Looking ahead….

Between the clean ups, festivals, oysterfests, lectures, gatherings, etc, we’re reckoning with around 70 events cancelled.   Beyond that, we are all waiting this out.  We are housebound for now, with an occasional walk, in nature preferably.   Every routine / habit we ever had has been disrupted.  Each day we seek new ways to connect with each other, for we must.  What we are going through is changing us profoundly on both an individual and collective level.  Forced to stay home, what can home become?

I’ve been mostly organizing and tossing things.   It helps.

Lots of time for reading and introspection.

Beyond that, I would strongly recommend helping the bay while we all wait this out.   How?   After you and your family are done with spring cleaning, get 0utside.   No longer housebound, but “yardbound,” creating native habitats instead of lawn, helping the local creatures, improving water quality (in part by NOT using pesticides, fertilizers.   We also need to stop planting non-natives.   It is destroying local habitats wholesale, and contributing mightily to a global wave of extinction that will in turn threaten us.

Buy this book: Nature’s Best Hope  by Douglas Tallamy.   It’s a Number #1 seller on Amazon in Environmental Economics, and a NYT bestseller.  When we can travel again, we will be briefing Congressional Legislative Aides in DC.  Tallamy offers a playbook for how we can begin healing the planet, starting with our own yards.

Red Maple Swamp Forest Bundle

I will be creating a “Bay Friendly Yard,” tearing out the English Ivy, the Wisteria, The Chinese Tree of Heaven, the Norway Maples, the Japanese Multiflora, and the Japanese Honeysuckle that all invaded this .4 acre lot over the decades, then building local habitat with local native plantings, putting in my yard what would be there if I weren’t.   I am sure some of my neighbors will look at me funny at first, but it’ll be my yard filled with birds and butterflies.   It’s already fairly lively compared to the lifeless moonscape of suburban lawn around me.    If I am going to be cooped up for a while, the yard is going to have to get lively.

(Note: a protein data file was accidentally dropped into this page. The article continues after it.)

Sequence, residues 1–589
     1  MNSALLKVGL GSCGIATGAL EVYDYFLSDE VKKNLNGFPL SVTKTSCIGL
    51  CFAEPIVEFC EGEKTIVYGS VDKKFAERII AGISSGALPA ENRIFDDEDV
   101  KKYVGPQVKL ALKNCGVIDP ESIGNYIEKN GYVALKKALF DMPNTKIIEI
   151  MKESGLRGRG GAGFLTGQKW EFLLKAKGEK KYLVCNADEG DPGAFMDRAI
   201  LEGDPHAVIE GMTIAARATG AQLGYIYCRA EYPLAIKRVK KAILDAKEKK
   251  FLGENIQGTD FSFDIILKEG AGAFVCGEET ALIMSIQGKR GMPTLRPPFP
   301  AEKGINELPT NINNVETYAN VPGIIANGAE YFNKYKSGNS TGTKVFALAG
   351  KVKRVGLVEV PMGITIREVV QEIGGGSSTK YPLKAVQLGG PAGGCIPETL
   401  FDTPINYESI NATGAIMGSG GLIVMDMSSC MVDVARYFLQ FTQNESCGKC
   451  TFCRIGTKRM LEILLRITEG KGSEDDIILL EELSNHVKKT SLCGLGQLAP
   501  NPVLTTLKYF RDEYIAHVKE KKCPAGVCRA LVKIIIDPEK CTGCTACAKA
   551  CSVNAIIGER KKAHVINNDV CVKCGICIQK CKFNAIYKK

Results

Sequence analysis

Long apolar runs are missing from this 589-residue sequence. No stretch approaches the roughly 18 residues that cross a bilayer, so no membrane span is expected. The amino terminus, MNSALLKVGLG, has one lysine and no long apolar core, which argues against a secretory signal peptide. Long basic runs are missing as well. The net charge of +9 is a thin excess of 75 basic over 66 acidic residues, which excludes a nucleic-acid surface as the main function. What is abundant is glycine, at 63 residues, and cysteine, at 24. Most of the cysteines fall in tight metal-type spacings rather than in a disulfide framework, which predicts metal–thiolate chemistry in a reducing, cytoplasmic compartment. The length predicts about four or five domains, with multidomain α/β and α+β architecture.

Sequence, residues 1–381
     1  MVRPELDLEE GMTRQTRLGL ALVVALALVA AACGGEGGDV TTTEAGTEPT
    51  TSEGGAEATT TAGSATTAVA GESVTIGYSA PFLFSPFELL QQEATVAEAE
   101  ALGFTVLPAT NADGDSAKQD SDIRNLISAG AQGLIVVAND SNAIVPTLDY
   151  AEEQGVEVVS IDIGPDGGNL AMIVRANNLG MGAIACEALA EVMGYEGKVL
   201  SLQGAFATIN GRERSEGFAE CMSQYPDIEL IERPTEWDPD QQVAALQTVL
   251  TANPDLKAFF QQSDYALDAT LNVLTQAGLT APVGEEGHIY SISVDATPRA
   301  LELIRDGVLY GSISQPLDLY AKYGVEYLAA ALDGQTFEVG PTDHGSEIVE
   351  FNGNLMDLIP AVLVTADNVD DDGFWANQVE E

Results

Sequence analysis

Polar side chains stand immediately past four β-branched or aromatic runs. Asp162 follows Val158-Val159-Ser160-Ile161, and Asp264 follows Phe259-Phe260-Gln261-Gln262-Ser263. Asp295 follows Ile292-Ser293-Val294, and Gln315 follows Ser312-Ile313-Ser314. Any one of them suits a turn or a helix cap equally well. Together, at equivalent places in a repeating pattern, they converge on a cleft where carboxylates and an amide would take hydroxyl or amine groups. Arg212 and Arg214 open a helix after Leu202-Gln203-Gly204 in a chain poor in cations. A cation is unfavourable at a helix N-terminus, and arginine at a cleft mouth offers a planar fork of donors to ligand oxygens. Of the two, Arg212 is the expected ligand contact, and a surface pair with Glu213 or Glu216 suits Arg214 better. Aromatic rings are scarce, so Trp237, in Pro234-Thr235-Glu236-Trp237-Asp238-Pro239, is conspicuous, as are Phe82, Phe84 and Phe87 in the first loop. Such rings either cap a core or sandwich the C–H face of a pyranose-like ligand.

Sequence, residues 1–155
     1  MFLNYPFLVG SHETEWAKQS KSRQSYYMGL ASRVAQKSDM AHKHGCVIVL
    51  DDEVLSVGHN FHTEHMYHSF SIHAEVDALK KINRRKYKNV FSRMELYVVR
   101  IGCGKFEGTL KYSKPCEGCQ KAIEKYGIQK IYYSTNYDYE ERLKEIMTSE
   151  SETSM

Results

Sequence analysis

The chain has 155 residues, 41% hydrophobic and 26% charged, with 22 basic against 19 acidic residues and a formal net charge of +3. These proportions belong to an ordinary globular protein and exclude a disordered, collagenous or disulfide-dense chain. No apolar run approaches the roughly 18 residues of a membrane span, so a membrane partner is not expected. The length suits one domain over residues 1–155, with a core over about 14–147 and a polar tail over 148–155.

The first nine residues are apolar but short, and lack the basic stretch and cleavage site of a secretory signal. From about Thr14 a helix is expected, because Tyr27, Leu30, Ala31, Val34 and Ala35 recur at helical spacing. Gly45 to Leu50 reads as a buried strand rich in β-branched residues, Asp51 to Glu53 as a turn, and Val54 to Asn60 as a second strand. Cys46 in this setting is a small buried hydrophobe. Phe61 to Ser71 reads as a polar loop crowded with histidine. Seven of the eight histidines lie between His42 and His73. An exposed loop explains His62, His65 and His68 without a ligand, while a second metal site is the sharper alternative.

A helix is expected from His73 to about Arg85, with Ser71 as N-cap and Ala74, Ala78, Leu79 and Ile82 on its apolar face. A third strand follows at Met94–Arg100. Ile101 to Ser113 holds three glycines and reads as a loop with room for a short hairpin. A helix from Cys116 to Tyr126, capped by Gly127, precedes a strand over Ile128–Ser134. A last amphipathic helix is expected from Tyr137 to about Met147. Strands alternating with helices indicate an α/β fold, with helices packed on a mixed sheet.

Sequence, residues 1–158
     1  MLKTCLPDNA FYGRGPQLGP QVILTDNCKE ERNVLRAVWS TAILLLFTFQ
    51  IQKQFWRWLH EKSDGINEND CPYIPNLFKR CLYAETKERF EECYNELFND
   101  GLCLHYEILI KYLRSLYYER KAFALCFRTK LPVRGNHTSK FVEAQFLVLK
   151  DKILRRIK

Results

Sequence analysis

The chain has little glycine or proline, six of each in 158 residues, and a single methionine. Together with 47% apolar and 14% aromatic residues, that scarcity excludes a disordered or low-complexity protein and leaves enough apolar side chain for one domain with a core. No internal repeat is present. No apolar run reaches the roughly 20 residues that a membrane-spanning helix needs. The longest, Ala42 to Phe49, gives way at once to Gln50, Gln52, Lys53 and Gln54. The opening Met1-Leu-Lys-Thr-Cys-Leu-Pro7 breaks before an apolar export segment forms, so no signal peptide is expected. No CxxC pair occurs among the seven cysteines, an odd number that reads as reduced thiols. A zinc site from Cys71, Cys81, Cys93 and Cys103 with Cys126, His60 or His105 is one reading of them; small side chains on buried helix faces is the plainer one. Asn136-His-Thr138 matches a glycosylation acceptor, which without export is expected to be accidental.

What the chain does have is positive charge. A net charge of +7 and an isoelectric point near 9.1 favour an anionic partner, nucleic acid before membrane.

A garden would be important too — it’d give the local insects — and me! — some fresh vegetables to eat, and I’ll get some exercise until the gyms can open again.

To the group, to the members of Save The Great South Bay I’d say this:

Our org got as strong as it did because there is this basic solidarity.   We are all from here.   We start where we stand.   There will be all the time in the world for a post mortem.   Right now our main focus has to be on survival, on staying away from each other while having our basic needs met.  We will emerge from this profoundly different than we were before.  But what should be become?    Less focussed on the material, on the noise, more compassionate, better friends and neighbors, more aware how fragile the world in fact is.    We are scared, angry, sad, but also kinder, braver, more loving than we knew.